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Spokfrevo Orquestra Ronnie Scott's Jazz Club London, UK July 2, 2013
Frevo is a hectic mix of Latin jazz with elaborate arrangements and intricacies. It evolved from several historical musical influences including military marching bands and polka. The composers of old are referred to as "maestros," to by the musicians. Refice, capital of the state of Pernambuco in northern Brazil, hosts a carnival for four days each summer and many of its compositions were born from the mix of the festival's marching, dancing and carnival flavorsFrevo is a Portuguese word that means "ferver," (to boil), and the music conjures up the frenetic joy of the carnival season. Some of this music has deep regional roots originating over 100 years ago. Its street origins can be heard through the marching rhythms and distinctive dance tunes, mostly played at a mind-blowing speed.
The Spokfrevo Orquestra is a 17-piece band led by Inaldo Calvalcante de Albequerque, otherwise known as Spok. Spok used to play nonstop for eight or ten hours during the carnival period in Refice, his native town, and is well known in the region as a modern day frevo maestro. Through his interpreter, he explained, to the audience at Ronnie Scott's that he used to play in Bermuda shorts and tee-shirt, so playing in a suit was very novel for him and his musicians.
While essentially street music, not all frevo was composed for the carnival season. There is a distinctive sound which makes it instantly recognizable as from the northern regions of Brazil, and some of it is composed out of respect for the unique culture and character of the region. Frevo is highly infectious, the tunes rapid and completely absorbing.
The Spokfrevo Orquestra comprises three saxophones apart from Spok, four trombones, four trumpets, guitar, bass guitar and three percussionists. Spok introduced various tunes through an interpreter, Natalia de Santana Revi, who also helps organize things for the band, explaining the origins of several numbers and the meaning behind them. The opening tune "Spokiando" started the proceedings at a blistering pace with the entire band playing, then solos from guitar, alto sax, trombone and tenor sax and a duet between Spok on soprano sax and Gilberto Pontes on tenor. This set the theme for the rest of the first half as numbers led seamlessly into each other, offering the audience a relentless, driving flow of nonstop frevo with more superb solos from saxophones, trumpets, guitar and drums. When the band united they created a full-on big band sound, playing tightly together, yet at breakneck speed.
Spok is a truly superb saxophonist. As his fingers flew over the keys, he astonished onlookers with his dexterity. Every note in a melody, however fast, could be clearly heard while he played the soprano and alto saxophones, at times seemingly at the speed of light. Leading with his shoulders, bopping and popping like a marionette, dressed in dapper suit and fedora hat, he cut a dashing figure. All the band were suited and by the end of the third number, several were sweating with exertionnumbers were generally fast but there were small moments when the pace slowed, but only for a few bars. When introducing numbers composed by frevo maestros, Spok respectfully doffed his hat when he mentioned their names. "Multo obrigado (thank you very much)," was his comment.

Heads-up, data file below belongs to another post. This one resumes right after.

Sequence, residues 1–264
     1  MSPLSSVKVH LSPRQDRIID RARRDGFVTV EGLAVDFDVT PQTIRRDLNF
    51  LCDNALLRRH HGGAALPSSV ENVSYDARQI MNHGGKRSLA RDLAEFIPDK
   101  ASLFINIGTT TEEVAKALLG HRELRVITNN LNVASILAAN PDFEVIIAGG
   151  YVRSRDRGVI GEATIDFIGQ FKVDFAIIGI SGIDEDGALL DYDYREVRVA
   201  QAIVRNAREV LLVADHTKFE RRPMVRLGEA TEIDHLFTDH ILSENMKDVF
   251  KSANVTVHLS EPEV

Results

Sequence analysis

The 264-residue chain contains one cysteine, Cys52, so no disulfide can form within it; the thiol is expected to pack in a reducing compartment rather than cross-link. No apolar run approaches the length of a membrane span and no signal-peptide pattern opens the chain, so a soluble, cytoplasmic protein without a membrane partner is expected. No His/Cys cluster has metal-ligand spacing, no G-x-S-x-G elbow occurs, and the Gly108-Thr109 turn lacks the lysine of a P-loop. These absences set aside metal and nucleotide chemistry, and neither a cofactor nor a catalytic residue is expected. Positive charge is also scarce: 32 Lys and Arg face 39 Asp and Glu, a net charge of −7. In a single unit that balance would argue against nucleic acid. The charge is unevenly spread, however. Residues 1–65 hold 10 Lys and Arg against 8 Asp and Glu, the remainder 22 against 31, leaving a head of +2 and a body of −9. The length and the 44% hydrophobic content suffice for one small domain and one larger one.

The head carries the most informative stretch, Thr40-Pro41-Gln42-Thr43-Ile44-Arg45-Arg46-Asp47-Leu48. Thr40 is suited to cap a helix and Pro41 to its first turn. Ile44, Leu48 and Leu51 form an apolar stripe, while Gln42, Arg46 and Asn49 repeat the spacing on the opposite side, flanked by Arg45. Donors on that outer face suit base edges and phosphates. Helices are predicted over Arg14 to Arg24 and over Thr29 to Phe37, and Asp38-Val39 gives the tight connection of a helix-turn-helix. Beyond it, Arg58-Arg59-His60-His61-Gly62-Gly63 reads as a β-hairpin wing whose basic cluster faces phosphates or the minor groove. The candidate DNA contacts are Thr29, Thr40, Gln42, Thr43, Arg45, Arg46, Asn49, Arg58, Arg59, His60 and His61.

Some numbers were written by Pernambuco ex-pats living abroad who missed the carnival and frevo music so much they had written songs to remind themselves of home. Sivuca, a maestro living in Paris, wrote the beautiful melodies of " Foliao Ausente" to remind him of his home. "People in the area," Spok said, "are born playing this music. They play it in carnivals and on the street." He looked around Ronnie Scott's and then said, grinning, "Actually, the street is good, but being on stage here is better." Saying he could sometimes feel the presence of legendary frevo maestros when the band played, he referred to one maestro called Duda, then introduced band member and Duda's grandson, Rafael Santos, who had the honor of playing solos in a tune written by his grandfatherand playing the maestro's saxophone. In "Onze de Abril" there was an amazing rolling fugue of trumpet, guitar, trombone, and a second trumpet, a wonderful play-off between two saxophones, and finally the entire band joined in, winding up the volume and pace to end the first half.
I love jazz because anything is possible; it has few rules and the best jazz breaks those ones. I prefer free improv because it doesn't really have any rules at all.
I was first exposed to jazz in my teens (in the late sixties).
The first jazz record I bought was Filles de Kilimanjaro by Miles Davis, shortly followed by Extrapolation by John McLaughlin.
My advice to new listeners is to listen as widely as possible and not to make snap judgments--stick with it.